JPMorgan Second-Quarter Profits Hurt by Home Equity Loans

Wednesday, 18 Jul 2007 | 10:08 AM ET

JPMorgan Chase said Wednesday it tripled the amount it set aside for loan losses as home equity borrowers missed payments, hurting the bank's second-quarter net income growth.

The third-largest U.S. bank said net income was $4.2 billion, or $1.20 a share, compared with $3.5 billion, or 99 cents a share, in the year-earlier period.

JP Morgan Chase
JP Morgan Chase

That beat the average analysts' estimate of $1.08 a share, but the bank said it set aside $1.53 billion for loan losses, up from $493 million in the year-ago quarter. Much of that increase comes from higher loss estimates on home equity loans given to borrowers who put little money down.

JPMorgan shares slipped 72 cents to $49.20 in electronic trade before the market opening.

JPMorgan also said regional banking and auto finance were weak spots, as profits in those areas declined. The bank's retail finance division set aside $587 million for loan losses, up from $100 million in the year-earlier period, to reflect weak housing prices and the resulting increase in losses on home equity loans that had small down payments.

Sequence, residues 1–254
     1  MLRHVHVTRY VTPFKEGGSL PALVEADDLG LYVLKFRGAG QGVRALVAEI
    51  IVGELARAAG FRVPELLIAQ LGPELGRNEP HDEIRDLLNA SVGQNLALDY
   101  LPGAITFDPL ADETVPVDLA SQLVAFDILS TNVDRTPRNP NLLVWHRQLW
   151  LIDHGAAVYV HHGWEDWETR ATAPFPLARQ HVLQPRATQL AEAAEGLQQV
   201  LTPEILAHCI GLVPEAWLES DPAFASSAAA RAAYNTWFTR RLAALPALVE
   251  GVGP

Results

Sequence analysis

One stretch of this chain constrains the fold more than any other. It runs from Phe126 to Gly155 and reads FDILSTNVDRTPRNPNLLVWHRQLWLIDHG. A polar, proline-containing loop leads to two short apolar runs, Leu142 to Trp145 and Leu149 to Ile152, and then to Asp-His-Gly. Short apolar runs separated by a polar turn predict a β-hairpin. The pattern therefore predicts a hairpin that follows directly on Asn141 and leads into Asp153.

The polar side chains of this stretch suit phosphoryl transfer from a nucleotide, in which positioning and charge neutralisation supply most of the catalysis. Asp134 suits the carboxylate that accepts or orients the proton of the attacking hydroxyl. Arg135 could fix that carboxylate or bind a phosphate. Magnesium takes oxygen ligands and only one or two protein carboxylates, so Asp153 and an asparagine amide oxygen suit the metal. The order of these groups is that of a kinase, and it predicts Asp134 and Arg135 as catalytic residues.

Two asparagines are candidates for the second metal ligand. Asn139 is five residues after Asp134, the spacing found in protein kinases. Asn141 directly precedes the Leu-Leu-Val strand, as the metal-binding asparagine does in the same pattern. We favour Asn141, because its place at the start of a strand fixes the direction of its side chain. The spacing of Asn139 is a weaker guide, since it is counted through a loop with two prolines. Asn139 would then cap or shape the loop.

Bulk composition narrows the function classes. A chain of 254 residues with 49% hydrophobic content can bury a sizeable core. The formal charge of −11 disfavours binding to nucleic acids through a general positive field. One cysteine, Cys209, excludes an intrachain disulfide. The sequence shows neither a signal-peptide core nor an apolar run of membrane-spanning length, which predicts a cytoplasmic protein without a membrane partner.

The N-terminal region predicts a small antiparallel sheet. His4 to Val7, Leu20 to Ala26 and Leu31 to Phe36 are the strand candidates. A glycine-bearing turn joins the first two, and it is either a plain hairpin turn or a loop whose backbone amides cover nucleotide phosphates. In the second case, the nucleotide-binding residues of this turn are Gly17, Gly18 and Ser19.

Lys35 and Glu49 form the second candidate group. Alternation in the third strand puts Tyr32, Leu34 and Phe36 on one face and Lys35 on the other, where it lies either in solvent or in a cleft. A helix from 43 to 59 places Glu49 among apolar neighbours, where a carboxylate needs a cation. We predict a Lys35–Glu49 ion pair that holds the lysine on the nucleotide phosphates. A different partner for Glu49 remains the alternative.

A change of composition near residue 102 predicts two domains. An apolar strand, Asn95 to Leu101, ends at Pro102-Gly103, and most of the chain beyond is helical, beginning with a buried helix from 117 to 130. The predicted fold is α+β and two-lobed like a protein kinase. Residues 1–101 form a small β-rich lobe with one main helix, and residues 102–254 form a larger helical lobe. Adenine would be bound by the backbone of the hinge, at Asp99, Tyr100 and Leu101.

Home equity loans originated in the wholesale channel caused problems, the bank said. It has since tightened underwriting standards and raised prices to reflect elevated risk.

JPMorgan's overall net revenue rose 25% to $18.9 billion, better than the $17.53 billion expected by analysts.

Investment banking continued to be a bright spot as JPMorgan raked in fees from merger and acquisition advice.

Investment banking revenue surged 34% to $5.8 billion, up from $4.3 billion in the year-earlier quarter. The first quarter was better, though, at $6.3 billion.

The bank's retail financial services division, which includes home loans, credit cards and auto financing, reported $785 million in net income, down 10% from a year ago.

JPMorgan's asset management business saw profit soar 44% to $493 million as the unit took in more money from clients. The unit now has $1.1 trillion under management.

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